By Janet Sassi
Fordham has climbed five places in the latest edition of U.S. News & World Report’s “America’s Best Colleges” issue.
The magazine ranks Fordham at No. 56 among the 262 most prestigious national—or “top-tier”—universities.
The placement highlights a dramatic rise from 84th place in 2002. The University shares the 56th position with Boston University, Ohio State University, Purdue University, Southern Methodist University, the University of Georgia and the University of Maryland-College Park.
Fordham was ranked fourth among national Catholic universities, behind Notre Dame, Georgetown and Boston College.
“Fordham’s continued climb in the U.S. News & World Report rankings is gratifying, of course,” said Joseph M. McShane, S.J., president of Fordham. “The magazine’s designation as one of the nation’s best colleges comes once a year, but it speaks to the day-in, day-out labor and attention of faculty and staff, students and trustees—labor that is no less heroic for being largely unsung.
“While the University is justly proud of its national reputation and attendant high rankings, Fordham’s most lasting legacies are the men and women educated here, and the research produced by our talented faculty,” Father McShane said.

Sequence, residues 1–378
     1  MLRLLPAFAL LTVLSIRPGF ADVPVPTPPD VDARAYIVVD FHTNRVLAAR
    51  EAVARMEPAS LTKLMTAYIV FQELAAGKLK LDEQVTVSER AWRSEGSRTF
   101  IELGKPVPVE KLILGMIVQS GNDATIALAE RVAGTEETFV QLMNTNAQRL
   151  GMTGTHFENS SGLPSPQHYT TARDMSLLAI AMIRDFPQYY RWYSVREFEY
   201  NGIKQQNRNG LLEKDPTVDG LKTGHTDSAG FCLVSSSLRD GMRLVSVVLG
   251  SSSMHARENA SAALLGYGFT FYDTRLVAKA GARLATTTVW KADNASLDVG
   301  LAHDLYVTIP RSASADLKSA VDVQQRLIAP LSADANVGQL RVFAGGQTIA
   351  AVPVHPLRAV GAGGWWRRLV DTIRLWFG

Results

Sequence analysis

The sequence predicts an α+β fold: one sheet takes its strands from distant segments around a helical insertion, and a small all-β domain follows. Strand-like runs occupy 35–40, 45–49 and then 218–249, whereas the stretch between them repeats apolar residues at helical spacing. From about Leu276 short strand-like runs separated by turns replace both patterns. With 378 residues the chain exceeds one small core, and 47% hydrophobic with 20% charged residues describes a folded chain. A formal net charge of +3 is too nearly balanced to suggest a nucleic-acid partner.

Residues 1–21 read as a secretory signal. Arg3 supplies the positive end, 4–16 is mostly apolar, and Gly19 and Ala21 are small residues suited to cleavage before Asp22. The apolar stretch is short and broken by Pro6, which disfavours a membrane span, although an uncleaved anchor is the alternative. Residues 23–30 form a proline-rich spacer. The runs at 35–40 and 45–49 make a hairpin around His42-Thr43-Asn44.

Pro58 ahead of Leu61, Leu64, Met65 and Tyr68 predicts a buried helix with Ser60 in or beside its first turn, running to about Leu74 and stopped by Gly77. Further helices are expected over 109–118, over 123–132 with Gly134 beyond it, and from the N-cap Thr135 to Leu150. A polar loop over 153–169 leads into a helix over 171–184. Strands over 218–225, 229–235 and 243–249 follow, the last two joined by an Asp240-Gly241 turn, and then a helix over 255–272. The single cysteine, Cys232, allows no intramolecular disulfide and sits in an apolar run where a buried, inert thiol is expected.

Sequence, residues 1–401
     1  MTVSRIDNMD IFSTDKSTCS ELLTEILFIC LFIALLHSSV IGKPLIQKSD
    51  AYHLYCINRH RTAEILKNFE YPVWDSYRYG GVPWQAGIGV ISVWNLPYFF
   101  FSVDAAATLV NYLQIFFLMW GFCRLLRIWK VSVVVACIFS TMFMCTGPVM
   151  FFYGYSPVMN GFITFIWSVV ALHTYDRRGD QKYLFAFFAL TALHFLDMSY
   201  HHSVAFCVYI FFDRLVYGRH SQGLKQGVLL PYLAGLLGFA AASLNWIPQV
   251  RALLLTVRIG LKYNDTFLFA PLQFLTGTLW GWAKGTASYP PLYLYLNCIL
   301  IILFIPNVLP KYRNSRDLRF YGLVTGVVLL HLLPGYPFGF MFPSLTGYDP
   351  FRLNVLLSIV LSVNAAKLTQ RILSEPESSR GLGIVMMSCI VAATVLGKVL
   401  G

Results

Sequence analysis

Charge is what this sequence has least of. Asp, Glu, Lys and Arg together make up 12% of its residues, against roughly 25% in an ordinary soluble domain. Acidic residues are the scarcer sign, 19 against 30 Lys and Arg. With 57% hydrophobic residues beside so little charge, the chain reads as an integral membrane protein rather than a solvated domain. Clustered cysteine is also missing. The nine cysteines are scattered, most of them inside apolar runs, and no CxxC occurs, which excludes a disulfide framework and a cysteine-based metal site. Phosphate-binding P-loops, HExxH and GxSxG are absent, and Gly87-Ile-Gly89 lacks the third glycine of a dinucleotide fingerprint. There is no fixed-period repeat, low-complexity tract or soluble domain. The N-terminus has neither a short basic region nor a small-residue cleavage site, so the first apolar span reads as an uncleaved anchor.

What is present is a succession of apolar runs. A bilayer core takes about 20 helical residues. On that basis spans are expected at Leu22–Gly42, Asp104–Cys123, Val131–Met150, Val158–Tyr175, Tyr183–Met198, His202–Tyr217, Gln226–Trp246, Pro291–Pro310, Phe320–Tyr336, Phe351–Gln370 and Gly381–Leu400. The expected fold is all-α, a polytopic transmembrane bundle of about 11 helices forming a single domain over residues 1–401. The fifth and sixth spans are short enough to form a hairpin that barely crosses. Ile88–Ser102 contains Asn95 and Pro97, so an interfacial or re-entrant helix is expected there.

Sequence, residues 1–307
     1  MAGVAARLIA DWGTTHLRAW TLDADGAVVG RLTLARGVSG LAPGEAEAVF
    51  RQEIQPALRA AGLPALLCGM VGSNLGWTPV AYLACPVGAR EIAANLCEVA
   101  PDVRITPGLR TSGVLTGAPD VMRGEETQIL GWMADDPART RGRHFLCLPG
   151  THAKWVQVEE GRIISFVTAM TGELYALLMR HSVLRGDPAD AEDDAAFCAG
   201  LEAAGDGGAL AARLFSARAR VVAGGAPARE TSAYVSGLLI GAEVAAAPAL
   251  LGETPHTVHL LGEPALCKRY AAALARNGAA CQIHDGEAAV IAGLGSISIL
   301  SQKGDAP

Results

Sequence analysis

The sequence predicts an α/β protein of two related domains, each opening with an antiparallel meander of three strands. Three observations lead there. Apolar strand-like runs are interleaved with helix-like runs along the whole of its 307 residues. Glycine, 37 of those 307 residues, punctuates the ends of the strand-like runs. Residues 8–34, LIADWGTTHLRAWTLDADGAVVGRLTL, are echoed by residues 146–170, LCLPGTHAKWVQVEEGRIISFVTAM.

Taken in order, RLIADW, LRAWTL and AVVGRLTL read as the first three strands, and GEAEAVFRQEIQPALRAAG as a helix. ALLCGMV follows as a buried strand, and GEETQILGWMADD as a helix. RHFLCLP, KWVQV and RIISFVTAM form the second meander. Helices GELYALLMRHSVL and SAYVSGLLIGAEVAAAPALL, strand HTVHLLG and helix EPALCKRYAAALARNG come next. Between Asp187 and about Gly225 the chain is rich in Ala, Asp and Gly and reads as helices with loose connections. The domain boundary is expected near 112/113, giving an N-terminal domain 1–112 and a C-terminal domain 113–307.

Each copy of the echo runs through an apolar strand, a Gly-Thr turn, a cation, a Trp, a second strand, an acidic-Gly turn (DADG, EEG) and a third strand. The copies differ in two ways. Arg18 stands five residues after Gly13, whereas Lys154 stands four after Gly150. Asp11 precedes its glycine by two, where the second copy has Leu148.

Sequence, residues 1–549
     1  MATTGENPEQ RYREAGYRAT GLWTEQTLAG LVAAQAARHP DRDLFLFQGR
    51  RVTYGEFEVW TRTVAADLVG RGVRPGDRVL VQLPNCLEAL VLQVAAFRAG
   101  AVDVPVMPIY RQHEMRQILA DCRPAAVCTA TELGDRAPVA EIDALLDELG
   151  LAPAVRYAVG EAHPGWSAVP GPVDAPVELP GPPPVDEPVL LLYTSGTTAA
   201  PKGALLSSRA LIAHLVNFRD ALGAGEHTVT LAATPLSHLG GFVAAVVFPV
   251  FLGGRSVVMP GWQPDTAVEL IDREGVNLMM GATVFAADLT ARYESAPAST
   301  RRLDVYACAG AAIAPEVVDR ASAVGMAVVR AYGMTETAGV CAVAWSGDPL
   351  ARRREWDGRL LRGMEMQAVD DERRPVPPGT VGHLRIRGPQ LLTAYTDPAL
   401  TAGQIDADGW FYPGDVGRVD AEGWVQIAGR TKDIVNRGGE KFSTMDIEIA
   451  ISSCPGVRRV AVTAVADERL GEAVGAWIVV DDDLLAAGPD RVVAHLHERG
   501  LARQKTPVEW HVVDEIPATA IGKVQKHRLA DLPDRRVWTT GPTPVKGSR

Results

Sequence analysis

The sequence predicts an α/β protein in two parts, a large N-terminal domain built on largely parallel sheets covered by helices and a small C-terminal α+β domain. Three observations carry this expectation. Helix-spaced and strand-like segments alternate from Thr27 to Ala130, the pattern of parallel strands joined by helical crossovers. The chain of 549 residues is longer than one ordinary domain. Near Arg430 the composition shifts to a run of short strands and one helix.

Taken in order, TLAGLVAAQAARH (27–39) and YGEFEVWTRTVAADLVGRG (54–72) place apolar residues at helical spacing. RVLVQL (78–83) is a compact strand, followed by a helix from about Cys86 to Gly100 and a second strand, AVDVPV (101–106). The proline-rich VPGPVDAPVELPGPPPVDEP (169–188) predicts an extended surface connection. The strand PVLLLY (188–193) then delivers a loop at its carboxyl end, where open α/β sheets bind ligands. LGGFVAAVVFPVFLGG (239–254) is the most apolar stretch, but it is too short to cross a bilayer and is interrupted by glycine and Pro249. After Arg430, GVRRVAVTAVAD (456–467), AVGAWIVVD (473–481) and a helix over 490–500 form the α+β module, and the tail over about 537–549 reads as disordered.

The University’s emphasis on undergraduate research may have contributed to its good showing in a relatively new category, “Undergraduate Academic Reputation,” where it earned a score of 68 out of 100.
The U.S. News rankings came two weeks after Fordham boosted its academic and quality-of-life ratings in the 2011 version of The Princeton Review’s influential college guide.
Fordham also earned the distinction of being one of eight schools in the top tier that had no more than 1 percent of its classes larger than 50 students. In fact, 50 percent of the University’s classes had 20 students or fewer.
In addition to its higher rank, Fordham saw rises in several individual categories:
• Average freshman SAT scores jumped from 1228 to 1240.
• Alumni giving rose from 22 to 23 percent participation.
• Freshman retention increased from 89 to 90 percent.
These and other categories helped contribute to the University’s overall score of 53, up three points from last year.